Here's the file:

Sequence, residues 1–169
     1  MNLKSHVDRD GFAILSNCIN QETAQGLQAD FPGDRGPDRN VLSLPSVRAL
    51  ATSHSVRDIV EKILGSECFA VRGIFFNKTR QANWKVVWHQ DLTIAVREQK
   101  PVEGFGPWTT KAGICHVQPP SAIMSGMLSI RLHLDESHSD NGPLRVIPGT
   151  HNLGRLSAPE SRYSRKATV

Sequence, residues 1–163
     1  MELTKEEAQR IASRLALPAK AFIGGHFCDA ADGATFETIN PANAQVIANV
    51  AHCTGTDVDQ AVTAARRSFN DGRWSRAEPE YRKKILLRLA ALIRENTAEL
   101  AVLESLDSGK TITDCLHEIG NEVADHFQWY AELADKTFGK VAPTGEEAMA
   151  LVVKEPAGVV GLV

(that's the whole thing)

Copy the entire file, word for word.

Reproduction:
Sequence, residues 1–169
     1  MNLKSHVDRD GFAILSNCIN QETAQGLQAD FPGDRGPDRN VLSLPSVRAL
    51  ATSHSVRDIV EKILGSECFA VRGIFFNKTR QANWKVVWHQ DLTIAVREQK
   101  PVEGFGPWTT KAGICHVQPP SAIMSGMLSI RLHLDESHSD NGPLRVIPGT
   151  HNLGRLSAPE SRYSRKATV

Sequence, residues 1–163
     1  MELTKEEAQR IASRLALPAK AFIGGHFCDA ADGATFETIN PANAQVIANV
    51  AHCTGTDVDQ AVTAARRSFN DGRWSRAEPE YRKKILLRLA ALIRENTAEL
   101  AVLESLDSGK TITDCLHEIG NEVADHFQWY AELADKTFGK VAPTGEEAMA
   151  LVVKEPAGVV GLV